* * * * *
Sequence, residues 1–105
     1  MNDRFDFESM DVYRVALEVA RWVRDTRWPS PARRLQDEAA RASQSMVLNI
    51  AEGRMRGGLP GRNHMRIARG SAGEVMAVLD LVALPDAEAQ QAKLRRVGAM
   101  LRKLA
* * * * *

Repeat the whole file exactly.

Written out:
Sequence, residues 1–105
     1  MNDRFDFESM DVYRVALEVA RWVRDTRWPS PARRLQDEAA RASQSMVLNI
    51  AEGRMRGGLP GRNHMRIARG SAGEVMAVLD LVALPDAEAQ QAKLRRVGAM
   101  LRKLA